Iraqi security forces have defeated the Islamic State militant group (ISIS) in the northern city of Kirkuk, ending a three-day assault and killing at least 74 jihadis, the provincial governor said Monday.
“The attack is over and life has returned to normal,” Najm al-Din Karim, the governor of Kirkuk province, told AFP news agency.
“The security forces have killed more than 74 Daesh terrorists and detained several others, including their leader,” he added, using the Arabic acronym for the group, as Iraqi and Kurdish forces continued their assault on ISIS forces with the aim of recapturing Mosul, Iraq’s second-largest city.
The attack in Kirkuk, an oil-rich city located 100 miles southeast of Mosul, was initiated Friday by sleeper cells who joined forces with infiltrating ISIS fighters. They captured several buildings and engaged in gun battles with Iraqi forces, who eventually defeated them. The assault left 46 people dead, including members of the Iraqi security forces.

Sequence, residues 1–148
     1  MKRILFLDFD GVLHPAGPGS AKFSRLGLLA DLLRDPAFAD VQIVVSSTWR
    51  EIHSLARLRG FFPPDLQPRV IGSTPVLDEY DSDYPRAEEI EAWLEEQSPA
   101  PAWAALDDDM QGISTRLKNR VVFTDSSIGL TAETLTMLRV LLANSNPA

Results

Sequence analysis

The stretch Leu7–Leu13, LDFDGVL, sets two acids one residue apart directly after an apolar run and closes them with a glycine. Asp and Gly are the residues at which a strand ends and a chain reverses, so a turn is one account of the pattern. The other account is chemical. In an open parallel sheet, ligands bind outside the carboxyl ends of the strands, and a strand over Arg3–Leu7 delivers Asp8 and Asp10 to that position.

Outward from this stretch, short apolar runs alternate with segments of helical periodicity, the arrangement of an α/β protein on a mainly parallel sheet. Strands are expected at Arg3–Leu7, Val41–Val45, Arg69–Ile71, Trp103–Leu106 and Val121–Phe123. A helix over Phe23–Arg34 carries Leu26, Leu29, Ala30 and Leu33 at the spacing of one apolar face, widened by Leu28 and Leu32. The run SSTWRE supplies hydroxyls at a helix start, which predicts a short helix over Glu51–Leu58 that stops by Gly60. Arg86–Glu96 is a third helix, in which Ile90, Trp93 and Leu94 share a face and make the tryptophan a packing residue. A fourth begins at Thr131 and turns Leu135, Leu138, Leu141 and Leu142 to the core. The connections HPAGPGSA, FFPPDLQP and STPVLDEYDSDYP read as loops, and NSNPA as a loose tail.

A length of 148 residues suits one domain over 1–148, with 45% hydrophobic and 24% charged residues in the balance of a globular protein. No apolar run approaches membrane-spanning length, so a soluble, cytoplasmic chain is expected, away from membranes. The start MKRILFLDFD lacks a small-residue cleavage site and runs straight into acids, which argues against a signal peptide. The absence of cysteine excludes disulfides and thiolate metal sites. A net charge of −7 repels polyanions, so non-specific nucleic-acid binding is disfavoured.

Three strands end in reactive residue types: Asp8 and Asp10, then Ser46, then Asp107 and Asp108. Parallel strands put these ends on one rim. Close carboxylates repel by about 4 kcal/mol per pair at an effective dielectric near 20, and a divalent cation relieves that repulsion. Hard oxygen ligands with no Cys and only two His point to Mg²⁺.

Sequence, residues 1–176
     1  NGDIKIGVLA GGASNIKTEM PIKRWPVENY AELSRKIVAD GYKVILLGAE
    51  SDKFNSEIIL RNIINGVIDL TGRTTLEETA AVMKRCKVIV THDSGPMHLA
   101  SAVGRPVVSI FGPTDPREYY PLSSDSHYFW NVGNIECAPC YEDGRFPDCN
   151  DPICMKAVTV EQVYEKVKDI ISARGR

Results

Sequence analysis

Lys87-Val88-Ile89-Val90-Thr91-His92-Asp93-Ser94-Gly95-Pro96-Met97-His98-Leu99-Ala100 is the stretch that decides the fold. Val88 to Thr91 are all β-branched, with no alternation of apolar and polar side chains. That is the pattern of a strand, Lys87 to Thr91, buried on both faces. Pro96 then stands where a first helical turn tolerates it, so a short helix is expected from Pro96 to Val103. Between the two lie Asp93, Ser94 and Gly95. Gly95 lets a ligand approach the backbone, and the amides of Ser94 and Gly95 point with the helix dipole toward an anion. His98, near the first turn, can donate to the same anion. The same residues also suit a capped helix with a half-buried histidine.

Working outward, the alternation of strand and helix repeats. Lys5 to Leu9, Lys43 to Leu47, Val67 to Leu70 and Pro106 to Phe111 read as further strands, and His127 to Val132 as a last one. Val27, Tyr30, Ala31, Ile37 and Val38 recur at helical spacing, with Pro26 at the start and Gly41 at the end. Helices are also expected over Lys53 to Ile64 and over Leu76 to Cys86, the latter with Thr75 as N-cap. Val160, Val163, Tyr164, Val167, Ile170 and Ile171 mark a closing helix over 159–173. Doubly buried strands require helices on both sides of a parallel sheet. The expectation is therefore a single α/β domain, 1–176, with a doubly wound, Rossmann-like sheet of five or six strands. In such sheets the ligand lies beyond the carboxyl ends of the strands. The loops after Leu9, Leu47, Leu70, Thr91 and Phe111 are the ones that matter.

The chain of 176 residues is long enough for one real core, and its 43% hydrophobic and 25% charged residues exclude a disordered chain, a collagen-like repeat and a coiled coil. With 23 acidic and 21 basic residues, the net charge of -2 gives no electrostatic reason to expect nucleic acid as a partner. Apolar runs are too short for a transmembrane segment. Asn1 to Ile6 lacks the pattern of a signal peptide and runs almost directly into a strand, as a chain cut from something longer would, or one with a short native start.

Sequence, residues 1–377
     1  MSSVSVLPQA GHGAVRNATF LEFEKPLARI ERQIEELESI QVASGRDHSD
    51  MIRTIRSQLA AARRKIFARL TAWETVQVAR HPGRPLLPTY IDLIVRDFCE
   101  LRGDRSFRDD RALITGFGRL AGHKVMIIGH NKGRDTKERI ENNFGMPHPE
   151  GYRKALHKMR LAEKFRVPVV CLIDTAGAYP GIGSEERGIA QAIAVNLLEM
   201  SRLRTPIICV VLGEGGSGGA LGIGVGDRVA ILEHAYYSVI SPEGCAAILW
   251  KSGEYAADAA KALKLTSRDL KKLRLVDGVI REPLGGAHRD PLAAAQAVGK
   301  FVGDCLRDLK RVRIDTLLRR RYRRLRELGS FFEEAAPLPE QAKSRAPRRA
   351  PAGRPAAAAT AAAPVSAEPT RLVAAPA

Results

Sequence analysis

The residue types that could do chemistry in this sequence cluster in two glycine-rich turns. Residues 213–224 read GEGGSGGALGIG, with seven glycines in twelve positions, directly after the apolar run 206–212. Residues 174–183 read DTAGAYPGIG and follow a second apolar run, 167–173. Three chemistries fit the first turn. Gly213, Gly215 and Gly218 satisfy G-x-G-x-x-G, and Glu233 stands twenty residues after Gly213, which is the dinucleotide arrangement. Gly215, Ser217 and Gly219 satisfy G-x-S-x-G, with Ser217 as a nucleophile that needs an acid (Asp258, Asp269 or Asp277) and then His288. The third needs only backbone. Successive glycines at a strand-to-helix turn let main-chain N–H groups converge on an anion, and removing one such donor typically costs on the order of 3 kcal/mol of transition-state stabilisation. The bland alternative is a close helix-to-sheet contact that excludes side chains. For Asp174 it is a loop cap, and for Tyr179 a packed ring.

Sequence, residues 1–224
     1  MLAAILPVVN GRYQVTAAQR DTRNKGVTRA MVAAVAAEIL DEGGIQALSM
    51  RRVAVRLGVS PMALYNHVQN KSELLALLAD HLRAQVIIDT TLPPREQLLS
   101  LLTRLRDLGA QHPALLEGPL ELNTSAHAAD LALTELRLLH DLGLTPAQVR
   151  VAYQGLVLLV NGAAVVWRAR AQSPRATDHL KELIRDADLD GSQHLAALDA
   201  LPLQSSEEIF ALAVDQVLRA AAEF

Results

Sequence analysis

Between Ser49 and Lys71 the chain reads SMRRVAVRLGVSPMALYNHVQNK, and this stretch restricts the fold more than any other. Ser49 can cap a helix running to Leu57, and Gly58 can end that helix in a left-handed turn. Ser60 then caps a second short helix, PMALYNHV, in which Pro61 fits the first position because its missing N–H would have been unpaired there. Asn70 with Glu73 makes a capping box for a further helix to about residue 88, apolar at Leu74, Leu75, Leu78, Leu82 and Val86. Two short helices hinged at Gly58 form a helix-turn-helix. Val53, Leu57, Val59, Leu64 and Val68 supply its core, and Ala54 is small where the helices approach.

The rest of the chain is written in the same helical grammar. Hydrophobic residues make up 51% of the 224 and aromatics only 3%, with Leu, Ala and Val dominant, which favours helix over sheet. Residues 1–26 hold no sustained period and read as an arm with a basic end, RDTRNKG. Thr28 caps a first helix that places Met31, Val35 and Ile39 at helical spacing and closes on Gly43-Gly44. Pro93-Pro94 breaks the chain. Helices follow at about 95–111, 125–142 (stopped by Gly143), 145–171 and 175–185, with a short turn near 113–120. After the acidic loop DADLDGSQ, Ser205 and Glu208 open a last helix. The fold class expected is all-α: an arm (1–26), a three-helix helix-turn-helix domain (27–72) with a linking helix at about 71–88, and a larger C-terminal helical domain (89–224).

The leader of the ISIS cell—who Iraqi authorities are yet to identify—confessed that 100 ISIS fighters were involved in the assault, according to Karim.
Tens of thousands of Iraqi and Kurdish forces are taking part in the offensive to retake Mosul, besieging the city from the north, the east, and the south. The operation has now advanced to within five miles of Mosul, with the help of both Shia militias and Sunni tribal fighters. It is also supported by the U.S.-led coalition in the form of airstrikes and military advisers.
As ISIS's stronghold in Iraq, Mosul is symbolically and strategically important to the radical Islamist group. It is where the group’s self-declared caliph, Abu Bakr al-Baghdadi, gave his first sermon as its leader.
Mosul is also the largest area ISIS has captured to date, a hub for the group’s operations and a lucrative center for revenue streams derived from the population of more than 1 million.